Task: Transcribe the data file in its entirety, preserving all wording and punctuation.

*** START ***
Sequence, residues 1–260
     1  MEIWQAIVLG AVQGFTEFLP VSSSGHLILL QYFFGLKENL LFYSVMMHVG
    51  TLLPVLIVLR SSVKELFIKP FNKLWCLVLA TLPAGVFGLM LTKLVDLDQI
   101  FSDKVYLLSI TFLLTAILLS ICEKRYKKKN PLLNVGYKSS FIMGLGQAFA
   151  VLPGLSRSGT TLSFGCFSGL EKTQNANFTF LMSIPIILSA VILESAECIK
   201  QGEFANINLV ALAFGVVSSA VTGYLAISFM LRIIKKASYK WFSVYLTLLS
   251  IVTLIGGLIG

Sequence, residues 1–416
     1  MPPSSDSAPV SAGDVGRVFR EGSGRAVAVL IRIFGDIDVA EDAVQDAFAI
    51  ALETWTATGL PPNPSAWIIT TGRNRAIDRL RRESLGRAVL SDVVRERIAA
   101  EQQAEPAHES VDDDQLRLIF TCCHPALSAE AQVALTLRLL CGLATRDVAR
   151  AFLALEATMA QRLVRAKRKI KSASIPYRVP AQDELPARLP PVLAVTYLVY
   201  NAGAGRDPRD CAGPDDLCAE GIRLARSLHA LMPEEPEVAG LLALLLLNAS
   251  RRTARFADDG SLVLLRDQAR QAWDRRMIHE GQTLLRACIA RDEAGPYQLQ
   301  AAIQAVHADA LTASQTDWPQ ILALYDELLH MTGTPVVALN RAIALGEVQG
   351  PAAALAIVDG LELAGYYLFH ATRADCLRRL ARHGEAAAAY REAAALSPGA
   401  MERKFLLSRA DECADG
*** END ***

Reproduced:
Sequence, residues 1–260
     1  MEIWQAIVLG AVQGFTEFLP VSSSGHLILL QYFFGLKENL LFYSVMMHVG
    51  TLLPVLIVLR SSVKELFIKP FNKLWCLVLA TLPAGVFGLM LTKLVDLDQI
   101  FSDKVYLLSI TFLLTAILLS ICEKRYKKKN PLLNVGYKSS FIMGLGQAFA
   151  VLPGLSRSGT TLSFGCFSGL EKTQNANFTF LMSIPIILSA VILESAECIK
   201  QGEFANINLV ALAFGVVSSA VTGYLAISFM LRIIKKASYK WFSVYLTLLS
   251  IVTLIGGLIG

Sequence, residues 1–416
     1  MPPSSDSAPV SAGDVGRVFR EGSGRAVAVL IRIFGDIDVA EDAVQDAFAI
    51  ALETWTATGL PPNPSAWIIT TGRNRAIDRL RRESLGRAVL SDVVRERIAA
   101  EQQAEPAHES VDDDQLRLIF TCCHPALSAE AQVALTLRLL CGLATRDVAR
   151  AFLALEATMA QRLVRAKRKI KSASIPYRVP AQDELPARLP PVLAVTYLVY
   201  NAGAGRDPRD CAGPDDLCAE GIRLARSLHA LMPEEPEVAG LLALLLLNAS
   251  RRTARFADDG SLVLLRDQAR QAWDRRMIHE GQTLLRACIA RDEAGPYQLQ
   301  AAIQAVHADA LTASQTDWPQ ILALYDELLH MTGTPVVALN RAIALGEVQG
   351  PAAALAIVDG LELAGYYLFH ATRADCLRRL ARHGEAAAAY REAAALSPGA
   401  MERKFLLSRA DECADG